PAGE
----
Saturday, November 12, 2016

NYC, Population and Density

Take a quick look at this viz:

What the heck is up with Manhattan? Too much time at the Shake Shack? And why does Staten Island look like a deflated balloon? The above map is what is known as a cartogram. A cartogram takes a feature within a geography and resizes it by that feature. In this picture we see the 5 Burroughs of New York, divided into their separate neighborhoods, and sized by population. New York City's normal geographic boundaries have their area resized to match their relative populations. I have also colored the neighborhoods to further show the largest neighborhoods by population.
By contrast, we can see how the geography has been distorted when we overlay the actual boundaries.
This type of cartogram can come off as too literal however; the distortions sometimes do not offer enough information for the mind to really better understand area. In a broad sense, we get that Manhattan is full of people and Staten Island has very few people. But how many fewer?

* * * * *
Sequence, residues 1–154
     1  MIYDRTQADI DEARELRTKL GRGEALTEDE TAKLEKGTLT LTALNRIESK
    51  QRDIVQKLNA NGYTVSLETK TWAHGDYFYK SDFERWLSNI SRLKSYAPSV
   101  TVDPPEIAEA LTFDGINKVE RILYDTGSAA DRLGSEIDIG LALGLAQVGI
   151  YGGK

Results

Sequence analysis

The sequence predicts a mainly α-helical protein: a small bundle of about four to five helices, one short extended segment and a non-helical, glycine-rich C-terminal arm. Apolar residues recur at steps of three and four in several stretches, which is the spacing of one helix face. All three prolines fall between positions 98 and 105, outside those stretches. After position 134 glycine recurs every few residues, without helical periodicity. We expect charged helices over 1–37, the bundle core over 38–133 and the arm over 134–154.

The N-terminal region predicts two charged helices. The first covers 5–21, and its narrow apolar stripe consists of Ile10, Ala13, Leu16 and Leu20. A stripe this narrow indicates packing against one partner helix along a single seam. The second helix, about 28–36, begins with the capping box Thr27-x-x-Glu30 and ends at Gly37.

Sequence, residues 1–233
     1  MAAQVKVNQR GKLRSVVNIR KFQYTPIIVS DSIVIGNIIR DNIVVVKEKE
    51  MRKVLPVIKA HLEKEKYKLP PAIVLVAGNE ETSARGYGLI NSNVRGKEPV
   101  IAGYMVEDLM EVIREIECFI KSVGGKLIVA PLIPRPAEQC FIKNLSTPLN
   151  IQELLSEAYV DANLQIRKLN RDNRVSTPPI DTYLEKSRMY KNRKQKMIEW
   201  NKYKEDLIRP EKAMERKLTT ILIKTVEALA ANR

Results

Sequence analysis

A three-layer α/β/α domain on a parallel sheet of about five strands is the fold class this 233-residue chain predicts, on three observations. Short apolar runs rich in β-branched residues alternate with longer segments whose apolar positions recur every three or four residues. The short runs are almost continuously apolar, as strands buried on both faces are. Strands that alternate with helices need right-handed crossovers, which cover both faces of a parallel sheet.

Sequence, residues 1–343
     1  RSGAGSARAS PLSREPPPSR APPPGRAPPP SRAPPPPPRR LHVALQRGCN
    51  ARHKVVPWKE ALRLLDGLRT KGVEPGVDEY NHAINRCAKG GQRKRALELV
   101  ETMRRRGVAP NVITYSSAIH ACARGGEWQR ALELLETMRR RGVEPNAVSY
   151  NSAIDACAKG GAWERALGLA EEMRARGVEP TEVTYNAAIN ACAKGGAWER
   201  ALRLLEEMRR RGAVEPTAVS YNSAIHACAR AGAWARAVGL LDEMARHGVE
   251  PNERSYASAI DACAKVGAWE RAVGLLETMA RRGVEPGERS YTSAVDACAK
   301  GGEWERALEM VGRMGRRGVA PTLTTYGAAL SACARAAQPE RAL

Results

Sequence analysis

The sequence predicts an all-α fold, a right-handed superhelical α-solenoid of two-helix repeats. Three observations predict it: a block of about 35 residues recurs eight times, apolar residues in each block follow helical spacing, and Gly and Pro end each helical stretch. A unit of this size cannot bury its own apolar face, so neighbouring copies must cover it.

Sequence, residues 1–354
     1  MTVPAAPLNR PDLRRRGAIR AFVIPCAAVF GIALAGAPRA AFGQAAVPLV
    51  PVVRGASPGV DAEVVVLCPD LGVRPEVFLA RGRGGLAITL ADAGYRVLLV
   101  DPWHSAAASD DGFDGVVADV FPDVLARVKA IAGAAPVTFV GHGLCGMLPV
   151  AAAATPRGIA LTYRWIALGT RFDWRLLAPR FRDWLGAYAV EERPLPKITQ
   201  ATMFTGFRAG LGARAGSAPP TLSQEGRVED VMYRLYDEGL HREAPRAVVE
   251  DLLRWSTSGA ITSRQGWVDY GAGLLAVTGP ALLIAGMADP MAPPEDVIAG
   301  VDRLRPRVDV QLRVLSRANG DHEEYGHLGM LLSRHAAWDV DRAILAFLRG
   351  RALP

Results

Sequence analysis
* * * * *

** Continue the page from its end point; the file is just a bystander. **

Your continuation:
The eye is terrible at reading absolute area and making decisions from it. So a simple bar chart, while somewhat dry, is the easiest way to understand how New York City is divided.
We can see that Brooklyn easily bests Queens and Manhattan for population, while Staten island has roughly the same population as the Reno-Tahoe area. But even that diminishes Manhattan. Manhattan's density is on par with some of the densest cities in the world. The large populations of Brooklyn and Queens are still pretty spread out.
Instead, let's look at each Burrough's density:
The labels show the percent of total density relative to Manhattan while the bars show, in thousands, the number of people per square mile. In other words, Staten Island is less than 1/10th as dense as Manhattan. The large total area of Queens means that while it is the second largest of the five Burroughs, its citizens can stretch their legs out comfortably without fear of bumping into another human.
Ultimately, we would be best off giving people a chance to actually explore the data a bit. What are the populations of neighborhoods in New York City by neighborhood? How about if we sort it by Burrough? Take a look below and see how New York's neighborhoods stack up.